Well, it's done, and so is it's owner.
I present to you, Hieronymus Lightbringer, Paladin Solar:
Hieronymus, as a Paladin*, has dedicated himself to the concept of the Sun as representation and symbol of the Light Divine. Hence the sun in splendour on his shield.
The miniature was originally a Paladin of Menoth from Privateer Press' Iron Kingdoms Miniature line. I filed away all his Menoth-specific details and removed his chimney-like helmet. The latter I replaced with the top half of a bare head from the GW plastic Bretonnian knights sprue.
To prevent confusion about what he is I wanted to stay clear from the tradional Menoth colours, but still get a sense of purity and faith. To achieve this I went for clean, shining metal, blue and (off)white as a contrast colour.
The mini really demanded I took my time highlighting and shading his armour to prevent him just looking like a lump of metal, and to really emphasize his bulk and weight.
I'm quite pleased with how he turned out. Especially when sat next to the rest of my heroes. He looks like a tank, and then there is the ludicrously heavy/large sword. He's clearly got to have more than mere human muscle and determination driving him to be even moving around, let alone fight as vigorously as he looks to be doing!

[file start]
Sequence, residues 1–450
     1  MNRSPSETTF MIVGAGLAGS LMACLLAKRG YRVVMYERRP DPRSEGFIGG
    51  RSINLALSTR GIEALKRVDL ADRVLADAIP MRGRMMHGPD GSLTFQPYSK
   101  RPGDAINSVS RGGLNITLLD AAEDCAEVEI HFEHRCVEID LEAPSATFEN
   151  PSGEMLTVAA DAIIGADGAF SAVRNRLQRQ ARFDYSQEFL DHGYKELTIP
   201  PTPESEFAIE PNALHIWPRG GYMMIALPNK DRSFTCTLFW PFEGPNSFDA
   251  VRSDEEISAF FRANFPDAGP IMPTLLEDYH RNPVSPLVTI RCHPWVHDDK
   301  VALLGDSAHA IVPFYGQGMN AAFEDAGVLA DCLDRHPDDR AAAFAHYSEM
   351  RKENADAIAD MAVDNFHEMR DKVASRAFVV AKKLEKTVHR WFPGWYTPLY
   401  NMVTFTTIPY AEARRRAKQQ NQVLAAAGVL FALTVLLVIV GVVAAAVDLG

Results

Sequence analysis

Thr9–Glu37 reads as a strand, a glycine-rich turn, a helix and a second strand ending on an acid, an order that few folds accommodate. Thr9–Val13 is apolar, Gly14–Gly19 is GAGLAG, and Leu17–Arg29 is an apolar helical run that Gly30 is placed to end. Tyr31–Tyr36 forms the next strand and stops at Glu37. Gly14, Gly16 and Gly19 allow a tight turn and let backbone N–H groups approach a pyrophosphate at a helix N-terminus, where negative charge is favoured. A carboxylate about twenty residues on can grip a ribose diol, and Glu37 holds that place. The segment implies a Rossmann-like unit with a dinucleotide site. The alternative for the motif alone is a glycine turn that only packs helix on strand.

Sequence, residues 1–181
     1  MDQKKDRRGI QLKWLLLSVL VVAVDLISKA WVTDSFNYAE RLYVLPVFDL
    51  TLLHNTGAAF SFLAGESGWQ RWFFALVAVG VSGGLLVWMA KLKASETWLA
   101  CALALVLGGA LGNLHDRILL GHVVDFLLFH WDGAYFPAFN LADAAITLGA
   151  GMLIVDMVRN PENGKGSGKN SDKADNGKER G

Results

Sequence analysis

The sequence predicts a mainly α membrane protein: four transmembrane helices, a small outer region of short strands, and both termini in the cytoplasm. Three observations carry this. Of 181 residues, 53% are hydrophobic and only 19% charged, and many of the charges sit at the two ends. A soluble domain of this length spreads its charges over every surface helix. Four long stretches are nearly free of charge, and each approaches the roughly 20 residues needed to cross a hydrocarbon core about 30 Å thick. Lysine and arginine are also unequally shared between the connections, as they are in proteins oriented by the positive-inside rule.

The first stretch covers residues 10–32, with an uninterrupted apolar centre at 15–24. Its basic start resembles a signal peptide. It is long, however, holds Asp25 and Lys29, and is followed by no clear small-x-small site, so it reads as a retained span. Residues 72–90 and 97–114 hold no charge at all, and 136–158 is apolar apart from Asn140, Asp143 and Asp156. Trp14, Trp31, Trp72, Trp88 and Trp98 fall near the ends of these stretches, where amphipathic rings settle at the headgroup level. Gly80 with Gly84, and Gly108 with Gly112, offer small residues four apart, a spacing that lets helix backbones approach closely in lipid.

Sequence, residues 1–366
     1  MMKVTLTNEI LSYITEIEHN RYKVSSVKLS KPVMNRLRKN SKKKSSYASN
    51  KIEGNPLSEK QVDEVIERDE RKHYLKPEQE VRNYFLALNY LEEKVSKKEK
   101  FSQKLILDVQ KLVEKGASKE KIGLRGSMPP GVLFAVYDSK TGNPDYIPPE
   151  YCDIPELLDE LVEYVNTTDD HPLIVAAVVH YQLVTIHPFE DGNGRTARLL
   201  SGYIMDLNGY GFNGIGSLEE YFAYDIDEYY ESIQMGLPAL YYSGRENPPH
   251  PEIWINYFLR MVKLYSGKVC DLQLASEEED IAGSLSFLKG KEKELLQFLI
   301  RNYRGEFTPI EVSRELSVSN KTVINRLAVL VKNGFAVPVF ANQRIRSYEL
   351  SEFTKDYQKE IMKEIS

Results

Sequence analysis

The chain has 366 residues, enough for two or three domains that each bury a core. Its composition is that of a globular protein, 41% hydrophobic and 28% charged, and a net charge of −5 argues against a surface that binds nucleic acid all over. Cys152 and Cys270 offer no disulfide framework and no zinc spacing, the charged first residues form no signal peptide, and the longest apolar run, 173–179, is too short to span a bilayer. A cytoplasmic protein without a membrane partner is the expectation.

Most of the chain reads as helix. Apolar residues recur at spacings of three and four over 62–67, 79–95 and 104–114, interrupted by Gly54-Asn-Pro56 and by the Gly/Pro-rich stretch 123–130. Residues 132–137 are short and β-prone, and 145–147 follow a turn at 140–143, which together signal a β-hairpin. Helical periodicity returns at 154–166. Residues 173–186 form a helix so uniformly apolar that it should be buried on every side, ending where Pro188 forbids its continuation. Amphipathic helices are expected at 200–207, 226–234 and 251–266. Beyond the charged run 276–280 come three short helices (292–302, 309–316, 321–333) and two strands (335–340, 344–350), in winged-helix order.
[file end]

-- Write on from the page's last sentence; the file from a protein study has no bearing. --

Speaking of the rest of my heroes, here is a little shot of the collection as it stands now:
I'll need to re-arrange my display cabinet at some point, or find a way to add extra shelves to it...
*: A little background note: In my (as yet loosely defined) personal fantasy/chivalry setting Paladins are not really a religion or Order in the strictest sense. Paladins are holy, spiritual warriors who take one concept, often an abstract or esoteric one, from their religion or the chivalric ideals and dedicate their entire being to it. They are Knight-Mystics who channel the divine in their fighting skills. Most, if not all of them are wandering ascetics. They serve no lord but their own ideals and their otherworldly patrons/inspirations. As much apart from Knights as Knights stand apart from the peasantry, they are universally considered beings of awe and wonder.
The New Faith views them with some doubt and reservation as, while their ideals are pure and wholesome and they inspire piety and good in others, their practices and beliefs are often almost shamanic, at times borderline paganistic…